I was unsure if that baseball game would be played tonight. In fact, I was hoping it wouldn’t be. The Milwaukee Bucks of the NBA staged a wildcat strike in the afternoon, staying in their locker room, not playing their playoff game, after the shooting of another unarmed Black man — Jacob Blake — in Kenosha, Wisconsin. My Minnesota Twins have a George Floyd banner hanging in right field this season. Minneapolis is not so far from Milwaukee and Kenosha. I thought — hoped — they might be among the first MLB teams to express solidarity, but as I write this their game in Cleveland is well underway (tied at three in the seventh inning). MLB games in Milwaukee, San Francisco and San Diego, and NBA and NHL games have since been called off in solidarity. MLB is slower to respond. It is far less Black than the NBA. Players from Latin America, the Caribbean and white Americans dominate most lineups, including the Twins’. In recent years, NBA players have taken more ownership in their league (literally and figuratively) and have stepped up in their calls for social justice.

You’ll notice I am again not tuning in to the Republican Convention. But I’d been thinking all day about the images I did not tune in to see last night that stand out to me second-hand from email newsletters and occasional glances at the web and social media today. President Trump and Melania Trump and Secretary of State Mike Pompeo all used taxpayer resources to make their political case (in violation of the Hatch act). Past administrations have followed this separation carefully — if not because it’s the right thing to do, because it is an anti-corruption law — and campaigns should rightfully take a hit when they publicly engage in a violation of an anti-corruption law (otherwise known as corruption). Pompeo’s violation was egregious. He was traveling abroad in Israel when he appeared via video — it is expensive to taxpayers and against diplomatic norms to represent domestic partisanship while abroad.

But the fact that he was in Jerusalem seems to have been the point. Trump’s moving the American embassy to Jerusalem was done to please Evangelicals. Trump having his man in Jerusalem shows they aimed the programming at that singular Trump audience.

I’d been thinking about Evangelical images even before making the Jerusalem connection. The strongest image I didn’t tune in to see last night was the image of Trump performing Presidential acts: a pardon for a Black man and a citizenship ceremony for a diverse group of Immigrants. Official government business on political time. Some reports described this as trying to soften his edge and show he cared about Black Americans and Immigrants. But I read it as his performing the role of a preacher at the front of a church. The laying on of hands. Theatrical acts of healing and salvation. It’s a role that Evangelicals would recognize, subconsciously if not explicitly. The power of the man in authority granting new life to sinners and heathens.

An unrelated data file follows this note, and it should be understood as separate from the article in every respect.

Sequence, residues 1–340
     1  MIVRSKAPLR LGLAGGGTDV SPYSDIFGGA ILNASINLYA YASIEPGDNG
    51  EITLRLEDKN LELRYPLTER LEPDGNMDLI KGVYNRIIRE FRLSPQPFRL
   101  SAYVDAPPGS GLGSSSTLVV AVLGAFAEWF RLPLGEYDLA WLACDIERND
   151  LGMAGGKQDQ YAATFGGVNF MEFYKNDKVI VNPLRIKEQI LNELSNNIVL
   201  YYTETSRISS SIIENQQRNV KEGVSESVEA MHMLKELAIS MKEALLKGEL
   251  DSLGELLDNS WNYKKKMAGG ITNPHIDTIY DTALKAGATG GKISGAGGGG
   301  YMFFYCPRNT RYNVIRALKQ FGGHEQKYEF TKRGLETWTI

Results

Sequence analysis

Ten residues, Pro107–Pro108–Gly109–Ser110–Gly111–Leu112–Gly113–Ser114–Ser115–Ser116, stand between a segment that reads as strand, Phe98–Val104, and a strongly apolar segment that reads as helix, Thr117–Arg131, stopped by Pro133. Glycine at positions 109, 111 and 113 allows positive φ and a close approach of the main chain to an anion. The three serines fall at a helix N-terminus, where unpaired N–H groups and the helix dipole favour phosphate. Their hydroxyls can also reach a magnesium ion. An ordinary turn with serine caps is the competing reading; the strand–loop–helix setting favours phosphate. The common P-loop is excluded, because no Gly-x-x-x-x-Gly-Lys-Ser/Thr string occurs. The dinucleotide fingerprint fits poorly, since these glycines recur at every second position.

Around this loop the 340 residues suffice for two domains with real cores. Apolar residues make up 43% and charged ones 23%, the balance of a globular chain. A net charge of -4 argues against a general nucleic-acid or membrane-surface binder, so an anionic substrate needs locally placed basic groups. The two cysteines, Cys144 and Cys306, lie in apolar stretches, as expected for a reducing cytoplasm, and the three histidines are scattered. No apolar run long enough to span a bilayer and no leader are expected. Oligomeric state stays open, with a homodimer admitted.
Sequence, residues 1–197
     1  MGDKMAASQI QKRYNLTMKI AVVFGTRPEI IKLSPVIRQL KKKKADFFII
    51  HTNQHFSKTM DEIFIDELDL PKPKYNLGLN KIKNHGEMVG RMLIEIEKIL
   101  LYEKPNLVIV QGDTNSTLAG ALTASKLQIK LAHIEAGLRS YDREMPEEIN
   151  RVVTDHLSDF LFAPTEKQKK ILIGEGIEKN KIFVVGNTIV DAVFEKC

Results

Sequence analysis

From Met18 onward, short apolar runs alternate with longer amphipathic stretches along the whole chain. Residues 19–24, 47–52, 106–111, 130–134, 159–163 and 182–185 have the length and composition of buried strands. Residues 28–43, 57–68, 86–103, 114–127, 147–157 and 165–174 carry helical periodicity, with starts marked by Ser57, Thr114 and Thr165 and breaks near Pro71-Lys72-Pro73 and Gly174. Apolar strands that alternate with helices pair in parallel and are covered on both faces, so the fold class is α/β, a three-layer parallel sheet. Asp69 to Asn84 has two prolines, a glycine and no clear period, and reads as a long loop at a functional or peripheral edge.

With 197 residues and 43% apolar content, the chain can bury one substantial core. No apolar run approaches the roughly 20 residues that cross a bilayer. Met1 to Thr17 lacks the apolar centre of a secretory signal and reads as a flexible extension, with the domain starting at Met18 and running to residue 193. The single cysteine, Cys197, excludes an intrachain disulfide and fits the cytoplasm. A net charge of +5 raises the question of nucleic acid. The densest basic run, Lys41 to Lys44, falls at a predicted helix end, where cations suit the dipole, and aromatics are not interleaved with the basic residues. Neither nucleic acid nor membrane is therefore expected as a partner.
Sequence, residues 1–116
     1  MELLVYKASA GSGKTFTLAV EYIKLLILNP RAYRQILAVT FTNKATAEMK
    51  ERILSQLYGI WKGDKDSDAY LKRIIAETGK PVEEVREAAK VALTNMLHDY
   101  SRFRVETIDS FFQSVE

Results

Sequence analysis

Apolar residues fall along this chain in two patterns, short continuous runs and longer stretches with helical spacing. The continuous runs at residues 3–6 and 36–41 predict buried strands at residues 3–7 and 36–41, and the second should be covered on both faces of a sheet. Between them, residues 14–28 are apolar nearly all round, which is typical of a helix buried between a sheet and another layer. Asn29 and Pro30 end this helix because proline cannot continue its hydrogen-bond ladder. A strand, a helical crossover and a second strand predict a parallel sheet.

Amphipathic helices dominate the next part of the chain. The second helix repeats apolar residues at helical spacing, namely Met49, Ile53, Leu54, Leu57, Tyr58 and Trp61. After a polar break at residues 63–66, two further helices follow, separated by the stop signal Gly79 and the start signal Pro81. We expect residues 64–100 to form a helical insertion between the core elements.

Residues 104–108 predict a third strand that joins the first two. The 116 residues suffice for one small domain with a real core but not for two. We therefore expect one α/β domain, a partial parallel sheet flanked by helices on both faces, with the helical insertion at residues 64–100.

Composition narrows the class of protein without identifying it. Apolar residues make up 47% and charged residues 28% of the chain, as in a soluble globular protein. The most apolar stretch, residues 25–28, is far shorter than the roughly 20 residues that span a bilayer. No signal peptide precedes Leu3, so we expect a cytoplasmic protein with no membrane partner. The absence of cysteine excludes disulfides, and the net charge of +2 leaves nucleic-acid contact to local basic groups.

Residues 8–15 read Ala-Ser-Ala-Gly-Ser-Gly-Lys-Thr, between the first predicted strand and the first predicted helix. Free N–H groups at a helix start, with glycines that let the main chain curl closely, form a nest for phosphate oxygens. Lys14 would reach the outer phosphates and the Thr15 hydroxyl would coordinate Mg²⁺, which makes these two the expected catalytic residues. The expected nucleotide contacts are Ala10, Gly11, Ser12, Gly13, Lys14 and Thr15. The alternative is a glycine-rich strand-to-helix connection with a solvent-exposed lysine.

A helicopter is circling my apartment with a spotlight now. I haven’t seen helicopters circling the neighborhood low like this since the protests following George Floyd’s murder at the start of the Summer. The searchlight is an aggressive and fresh development. Is it a coincidence that I heard protest chants in the distance an hour ago? A news alert on my phone tells me tonight Trump’s crew is talking about law and order.

D.C. activists are organizing a new wave of protests this week in solidarity with Kenosha, in memory of Jacob Blake, to defund the police. Trump has a permit for fireworks near the White House tomorrow night at the end of his nominating speech. Trump might get more than he bargained for. But I’m worried that’s exactly what he wants. Fireworks.

election anxiety countdown

86 Days: Learn Anti-Racism

On Sundays, I interrupt this improvised narrative with a short post on a course of action. One concrete thing I’ve done, or that I pledge to do to help defeat Trump in the fall. It’s a sacrosanct tradition that dates back to last Sunday (we’re only 14 days in).

It has not escaped my notice that the authors and friends and colleagues I’ve mentioned so far have been mostly white. And while I’m hardly living in luxury on my design and writing income, it is a luxury to sit safely at home and write for 100 days as others — predominantly people of color, here in D.C. — work in frontline health, service, and delivery industries with an increased risk of exposure to Covid-19. 

Though I have worked for progressive advocacy and cultural organizations in the past and have taken on histories of systemic oppression in past art projects, I know I have more work to do and the work does not stop.

The murder of George Floyd on Memorial Day in Minneapolis, walking distance from where my grandparents, parents and I lived through much of the twentieth century, has been a moment to reflect on systemic injustice. My family and well-intentioned white people in Minneapolis and across the country have benefitted from — and continue to benefit from — systems that excluded Black people, Indigenous people and people of color (BIPOC) just as much as overt racists who raise the confederate flag. 

I will have more to say on all of this in the weeks to come. For today, one concrete step you can take is to pledge to keep educating yourself. As the election nears, discussion of racism, the racially coded language used by Trump and his allies, and of policies that disproportionately and systemically impact BIPOC are sure to remain part of the conversation. 

There are many books and resources I might point you to. But the best resource is the one you actually use. Anti-Racism Daily, a newsletter published by Black wellness entrepreneur Nicole Cardoza arrives each day in your inbox in an easy-to-read and use format. It takes just a minute or two to read that day’s issue. Related stories and resources are always a click away to explore further. Sign up here.